On 4/16/2013 15:52, Aleksey Cheusov wrote:That said, pkgng absolutely improved usability over previous functionality.
It doesn't.Second, this may lead to circles in package dependencies.
I can't ascertain any significantly differences between apt and pkg, and pkg-devel is still adding features. In some areas, pkg is clearly superior to apt. In general they should be considered comparable.Finally, have a look at Linux systems.
Debian and some of its derivatives, for example, have two package
managers: apt and aptitude. I think this is a right way. Personally, I
don't like what FreeBSD devs did.
I'm also comparing pkg to what was available on DragonFly before (not Linux) and it's representing well.
I've personally found pkg_add to be extremely flakey to the point I didn't bother with prebuilt binaries anymore. But since that was a while ago and since I probably can't replicate it repeatably, let's assume that's not valid anymore.FreeBSD devs decided to bury pkg_* because their pkg_* was, sorry, just
If you compare man pages of pkgsrc's and FreeBSD pkg_add, for example,
you'll see the difference. They didn't have even pkg_add -u! The same
for -U, -A, pkg_admin etc. etc. etc.
This is why their higher level tools worked directly with pkgdb.
So, situation with pkgsrc is completely different. Both pkgin (AFAIK)
and nih work on top of pkg_* and this is good. We don't need pkg(1).
I can say pkg is extremely fast and self-contained. I don't know what database pkgdb is based on, but it's doubtful that it can outperform from a speed perspective pkg's sqlite-based db.This is an honest criticism that others share with me: Pkgsrc does very poorly in the scenario of frequently pulling the trunk branch and building a package. First, due to revbumps, it's continuously trying to rebuild dependencies that FRANKLY don't need rebuilding.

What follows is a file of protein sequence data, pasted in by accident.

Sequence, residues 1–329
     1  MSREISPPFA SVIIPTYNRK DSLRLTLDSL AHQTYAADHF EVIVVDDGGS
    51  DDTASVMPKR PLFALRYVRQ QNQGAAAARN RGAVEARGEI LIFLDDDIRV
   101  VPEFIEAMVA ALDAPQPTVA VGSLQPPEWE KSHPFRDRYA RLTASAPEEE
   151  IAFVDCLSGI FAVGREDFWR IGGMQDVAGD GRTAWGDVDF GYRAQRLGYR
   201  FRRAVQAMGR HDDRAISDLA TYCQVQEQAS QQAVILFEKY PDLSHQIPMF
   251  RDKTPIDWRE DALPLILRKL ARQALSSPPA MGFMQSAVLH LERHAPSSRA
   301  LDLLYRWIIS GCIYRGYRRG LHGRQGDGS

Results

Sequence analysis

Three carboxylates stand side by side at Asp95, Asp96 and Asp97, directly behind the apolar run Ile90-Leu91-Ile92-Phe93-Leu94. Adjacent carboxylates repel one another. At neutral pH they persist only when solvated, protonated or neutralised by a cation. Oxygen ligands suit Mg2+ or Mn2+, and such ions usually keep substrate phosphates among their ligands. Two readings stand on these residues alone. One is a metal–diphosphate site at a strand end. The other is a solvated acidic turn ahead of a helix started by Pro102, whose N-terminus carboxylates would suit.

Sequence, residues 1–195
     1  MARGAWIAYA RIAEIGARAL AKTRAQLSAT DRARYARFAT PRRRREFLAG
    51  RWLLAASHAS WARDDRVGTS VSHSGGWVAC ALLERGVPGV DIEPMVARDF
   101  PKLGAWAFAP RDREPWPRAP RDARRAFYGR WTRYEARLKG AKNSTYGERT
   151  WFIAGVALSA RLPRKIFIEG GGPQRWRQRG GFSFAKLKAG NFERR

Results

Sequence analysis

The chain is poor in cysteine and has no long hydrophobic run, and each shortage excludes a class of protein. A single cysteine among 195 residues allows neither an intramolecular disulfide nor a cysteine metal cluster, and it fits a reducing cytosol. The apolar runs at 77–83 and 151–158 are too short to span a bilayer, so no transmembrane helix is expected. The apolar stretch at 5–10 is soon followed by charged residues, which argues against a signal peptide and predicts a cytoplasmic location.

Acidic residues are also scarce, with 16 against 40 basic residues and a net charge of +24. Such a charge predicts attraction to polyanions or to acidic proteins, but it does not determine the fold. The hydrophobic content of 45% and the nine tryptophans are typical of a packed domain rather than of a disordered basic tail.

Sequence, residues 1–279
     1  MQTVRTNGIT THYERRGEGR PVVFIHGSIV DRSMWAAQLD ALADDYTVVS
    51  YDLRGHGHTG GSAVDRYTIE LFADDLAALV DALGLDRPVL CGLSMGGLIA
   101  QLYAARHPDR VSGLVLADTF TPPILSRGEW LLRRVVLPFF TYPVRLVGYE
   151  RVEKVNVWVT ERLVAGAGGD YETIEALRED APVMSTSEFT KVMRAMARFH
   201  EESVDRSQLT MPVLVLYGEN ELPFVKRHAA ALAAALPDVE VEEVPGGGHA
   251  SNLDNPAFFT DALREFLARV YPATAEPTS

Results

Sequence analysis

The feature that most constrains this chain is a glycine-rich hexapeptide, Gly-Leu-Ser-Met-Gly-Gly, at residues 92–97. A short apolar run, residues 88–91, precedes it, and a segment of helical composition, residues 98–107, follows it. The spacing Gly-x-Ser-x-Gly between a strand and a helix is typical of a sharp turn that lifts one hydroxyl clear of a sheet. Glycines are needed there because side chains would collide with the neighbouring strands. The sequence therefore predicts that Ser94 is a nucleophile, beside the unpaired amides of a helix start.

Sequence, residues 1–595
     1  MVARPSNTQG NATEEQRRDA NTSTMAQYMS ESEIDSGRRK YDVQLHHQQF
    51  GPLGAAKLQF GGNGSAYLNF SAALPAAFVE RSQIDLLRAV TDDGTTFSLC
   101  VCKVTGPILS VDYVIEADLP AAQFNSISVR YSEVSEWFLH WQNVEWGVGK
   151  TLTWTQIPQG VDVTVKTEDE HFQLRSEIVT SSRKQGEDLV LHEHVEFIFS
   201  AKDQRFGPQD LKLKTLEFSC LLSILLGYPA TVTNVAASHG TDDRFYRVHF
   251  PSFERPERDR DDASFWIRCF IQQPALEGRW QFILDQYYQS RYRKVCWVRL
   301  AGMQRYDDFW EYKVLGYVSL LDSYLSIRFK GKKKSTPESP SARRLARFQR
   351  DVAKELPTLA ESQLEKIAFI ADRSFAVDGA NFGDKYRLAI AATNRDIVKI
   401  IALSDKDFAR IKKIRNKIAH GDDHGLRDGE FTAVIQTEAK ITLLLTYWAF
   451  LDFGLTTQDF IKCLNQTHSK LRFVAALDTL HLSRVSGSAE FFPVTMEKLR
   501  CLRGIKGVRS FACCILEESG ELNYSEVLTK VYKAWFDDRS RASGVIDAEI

What we currently lack is ability to [re]build packages and then install
them using _single_ tool. I plan to implement this in nih.
And then it fails because the package is already installed.
And then you have to one-by-one use "bmake replace" (you have to want until each one inevitably fails) because you FRANKLY don't trust rolling-replace. So you are stuck at the console for the better part of an hour babysitting a process that should be able to run on it's own.
And you started by only wanting one new package. The criticism comes in that pkgsrc project doesn't recognize this as a problem, that somehow the user is misusing it.
I personally think this is a significant problem that greatly reduces the usability of pkgsrc. At the very least, it encourages prebuilding a subset of packages in a chroot in order to use something like pkgin/nih to handle updates more smoothly. I'm just not seeing the same type of issue on ports.